Manifestly, what makes LaCaze’s work powerful is precisely her emphasis on what is not spelled out. Famous violinists, veils of ignorance, and persons who reproduce on the order of amoebae simply blind us, in many cases, to getting a grip on the underlying assumptions, many of which are wildly androcentric and/or Eurocentric. By focusing on these tropes and similes, LaCaze claims, we can come to a much greater understanding of what is at stake in various arguments. In other words, much of what is actually up for debate is implicit, rather than explicit, and developing the notion of the analytic imaginary helps us here. Again, with respect to the notion of the social contract, LaCaze notes, “the contract begins to fall apart once women are brought into the myth, because the facts of difference reveal anomalies and tensions within the argument” (118).
A difficulty with LaCaze’s work, as indicated, is the problem of trying to hang onto her argument throughout several chapters incorporating of wide variety of examples. Fortunately, many of these examples are common stock-in-trade for analytic philosophers, and hence they remain in one’s conceptualization of her overall argument without a great deal of difficulty.
It is tempting, however, to turn a few of LaCaze’s main argumentative strokes on their head, and against her own argument. Her line requires that there be something that we can more or less hypostasize as the “analytic imaginary,” even if its various permutations are almost unrecognizable as falling under one rubric. Furthermore, to strengthen her argument she often gives the impression that many of the myths and metaphors have a strong visual aspect that they simply may not have. There is, for instance, quite a bit of difference between the “famous violinist,” and the “original position.” One might guess that, given the construction of Thomson’s abortion argument, readers may indeed be given to a brief visualization of the violinist, but it would be interesting to pursue the notion that many have tried to visualize individuals thinking significantly about contracts and social structures while in the original position. One might hazard the claim that this simply is not the sort of example that requires (or even profits from) visualization.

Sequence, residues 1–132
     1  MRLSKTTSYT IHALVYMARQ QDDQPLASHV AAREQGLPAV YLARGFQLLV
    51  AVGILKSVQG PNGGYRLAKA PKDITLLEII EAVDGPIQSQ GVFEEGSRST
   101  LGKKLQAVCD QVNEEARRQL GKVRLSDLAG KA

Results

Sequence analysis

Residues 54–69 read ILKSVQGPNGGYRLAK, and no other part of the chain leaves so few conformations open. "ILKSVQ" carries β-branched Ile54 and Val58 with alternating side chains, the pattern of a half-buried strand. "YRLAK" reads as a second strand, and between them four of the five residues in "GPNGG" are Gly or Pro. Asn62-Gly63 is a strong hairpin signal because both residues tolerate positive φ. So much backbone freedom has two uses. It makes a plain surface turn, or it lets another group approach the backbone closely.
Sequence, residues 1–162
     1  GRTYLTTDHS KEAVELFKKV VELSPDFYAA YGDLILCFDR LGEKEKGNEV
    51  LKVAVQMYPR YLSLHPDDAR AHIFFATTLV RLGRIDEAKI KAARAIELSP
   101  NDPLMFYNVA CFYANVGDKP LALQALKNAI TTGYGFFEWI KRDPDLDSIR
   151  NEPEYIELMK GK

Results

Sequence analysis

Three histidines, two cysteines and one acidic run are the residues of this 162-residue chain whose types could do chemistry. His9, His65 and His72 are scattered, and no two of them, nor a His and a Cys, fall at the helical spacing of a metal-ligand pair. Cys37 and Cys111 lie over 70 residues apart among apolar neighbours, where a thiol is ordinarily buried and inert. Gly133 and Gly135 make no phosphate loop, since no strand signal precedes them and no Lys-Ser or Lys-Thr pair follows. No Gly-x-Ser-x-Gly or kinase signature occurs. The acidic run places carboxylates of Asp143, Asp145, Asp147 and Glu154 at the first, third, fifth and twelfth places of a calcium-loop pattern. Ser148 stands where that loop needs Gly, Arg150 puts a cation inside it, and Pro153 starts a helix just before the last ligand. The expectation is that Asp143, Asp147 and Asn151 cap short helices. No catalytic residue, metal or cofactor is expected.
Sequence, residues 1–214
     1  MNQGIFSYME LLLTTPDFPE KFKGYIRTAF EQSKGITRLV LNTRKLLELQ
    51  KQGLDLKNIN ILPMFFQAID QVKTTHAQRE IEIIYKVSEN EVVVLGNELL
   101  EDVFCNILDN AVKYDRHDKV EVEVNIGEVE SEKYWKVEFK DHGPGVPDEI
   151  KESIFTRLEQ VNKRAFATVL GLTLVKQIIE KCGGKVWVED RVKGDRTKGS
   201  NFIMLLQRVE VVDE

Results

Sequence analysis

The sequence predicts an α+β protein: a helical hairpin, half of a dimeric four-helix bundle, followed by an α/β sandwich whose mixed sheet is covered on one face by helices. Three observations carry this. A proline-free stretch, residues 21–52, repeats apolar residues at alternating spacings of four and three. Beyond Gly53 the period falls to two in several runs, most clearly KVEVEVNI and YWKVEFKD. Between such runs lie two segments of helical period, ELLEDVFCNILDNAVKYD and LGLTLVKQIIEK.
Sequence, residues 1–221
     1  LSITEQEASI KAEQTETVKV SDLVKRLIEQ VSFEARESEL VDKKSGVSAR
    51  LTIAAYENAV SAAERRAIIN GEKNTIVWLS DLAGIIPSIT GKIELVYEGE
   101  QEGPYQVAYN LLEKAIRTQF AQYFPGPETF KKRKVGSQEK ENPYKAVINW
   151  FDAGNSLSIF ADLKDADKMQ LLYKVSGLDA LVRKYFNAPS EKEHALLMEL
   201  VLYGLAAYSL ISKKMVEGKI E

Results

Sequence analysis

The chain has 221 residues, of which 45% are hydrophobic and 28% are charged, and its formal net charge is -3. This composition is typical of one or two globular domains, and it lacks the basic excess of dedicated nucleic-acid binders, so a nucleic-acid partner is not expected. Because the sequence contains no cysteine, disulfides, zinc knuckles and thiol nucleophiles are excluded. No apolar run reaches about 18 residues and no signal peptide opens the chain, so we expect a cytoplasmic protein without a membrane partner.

Nevertheless, despite itself being in the careful analytic style, which many find difficult and even off-putting, LaCaze’s work is a profoundly important addition to a growing corpus of work that examines the methods of the analytic tradition, or of that portion of the tradition that purports to deal with specific, core areas of philosophy. (We can think, for example, of the many works in epistemology that question the relevance of epistemic arguments and positions that cannot be instantiated in actual believers, or that ask us to pursue epistemic questions using material taken from recent developments in cognitive science.)
LaCaze ends her work by noting that “sensitivity to the nature of imagery” can “teach us to philosophize in a way that connects us with others, [and that] help[s] make philosophy more open to the world, and hence ultimately more philosophical” (182). In this positive sense, LaCaze’s book is itself an example that promulgates her own line. This striking work asks us to look at analytic philosophy in a new way, and in so doing makes that particular branch of philosophy more hospitable to all visitors.